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‘Uber-style’ bus service announced to improve transport in Tees Valley region 

Tees Valley Mayor Ben Houchen has published more details surrounding a proposed ‘Uber-style’ bus network covering rural areas in the region.

Currently, local people living in the more remote parts of Darlington, East Cleveland and West Hartlepool receive little to no bus coverage. Under plans drawn up by the Mayor, a new on-demand bus service will be piloted in these areas to improve public transport.

The new service will allow passengers to book a journey in advance on either a smartphone app, via a website or over the telephone. The system will then match passengers travelling in the same direction and schedule vehicles in real-time to find the optimal route for their trip.

A number of mini-busses will be deployed in these pilot areas, but unlike a traditional bus service there will be no fixed timetable. Instead, routes are determined by where passengers want to go within a predefined area.

The technology will also help provide more public transport options for passengers going to and from Teesside Airport.

On-demand bus services have been introduced in locations across the country, including Liverpool, Sittingbourne in Kent, parts of Shropshire and Leicester and have proved hugely popular.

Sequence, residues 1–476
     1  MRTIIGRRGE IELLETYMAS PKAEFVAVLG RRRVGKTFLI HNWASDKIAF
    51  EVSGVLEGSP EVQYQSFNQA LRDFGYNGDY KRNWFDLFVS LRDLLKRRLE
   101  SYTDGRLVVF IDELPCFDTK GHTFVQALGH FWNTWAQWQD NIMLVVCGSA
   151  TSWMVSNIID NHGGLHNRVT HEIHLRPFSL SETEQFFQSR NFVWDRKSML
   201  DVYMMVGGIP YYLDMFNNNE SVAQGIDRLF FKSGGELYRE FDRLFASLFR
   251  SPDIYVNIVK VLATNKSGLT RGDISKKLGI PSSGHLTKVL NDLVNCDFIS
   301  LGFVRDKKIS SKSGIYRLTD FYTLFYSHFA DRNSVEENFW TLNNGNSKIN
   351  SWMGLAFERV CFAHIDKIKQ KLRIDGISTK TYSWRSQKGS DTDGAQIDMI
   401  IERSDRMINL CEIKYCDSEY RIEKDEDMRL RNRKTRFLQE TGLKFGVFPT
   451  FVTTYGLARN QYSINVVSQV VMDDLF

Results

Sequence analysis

Subject to a procurement process, the service will be available to residents by the end of 2019 and will operate for a minimum of three years. If the pilot is a success, Mayor Houchen has promised to extend the service into other across the Tees Valley.

Commenting Mayor Ben Houchen said: “Routes, fares and timetables are set by private bus companies so understandably they tend to favour areas that make them money.

“The problem here is that rural areas, where there’s less demand, get cut off and residents have to endure poor connectivity. 

“The old way of doing things has clearly failed, so I have decided to step in and try something new.

“An on-demand ‘Uber-style’ bus network covering remote areas powered by technology is the best way to address these issues in the short term, so I am making some funding available to make it a reality in the Tees Valley.

“This pilot is just a first step and if it works we will roll it out elsewhere.

“I don’t have the power to nationalise buses, but we can and will step in to ensure people in more remote areas finally get access to good quality, frequent public transport.”

The proposal is set to be voted on next Friday (26 July) at the Tees Valley Combined Authority Cabinet meeting.

The Cabinet will also consider a plan to establish an ‘Enhanced Partnership’ scheme with local bus operators to improve journeys in other areas of the Tees Valley.

Using powers in the 2017 Bus Services Act, areas with Metro Mayors can reach special agreements with bus companies who will then be required to comply with standards set by the Mayor. This could include setting minimum service frequency, maximum fares, and a requirement to improve the condition of buses.

Tees Valley Mayor Ben Houchen has reaffirmed that an alternative London-style bus franchising system is on the table, but subject to the model being successfully implemented in another Mayoral Combined Authority area – such as Greater Manchester.

Ashleigh Smith
Article by Ashleigh Smith
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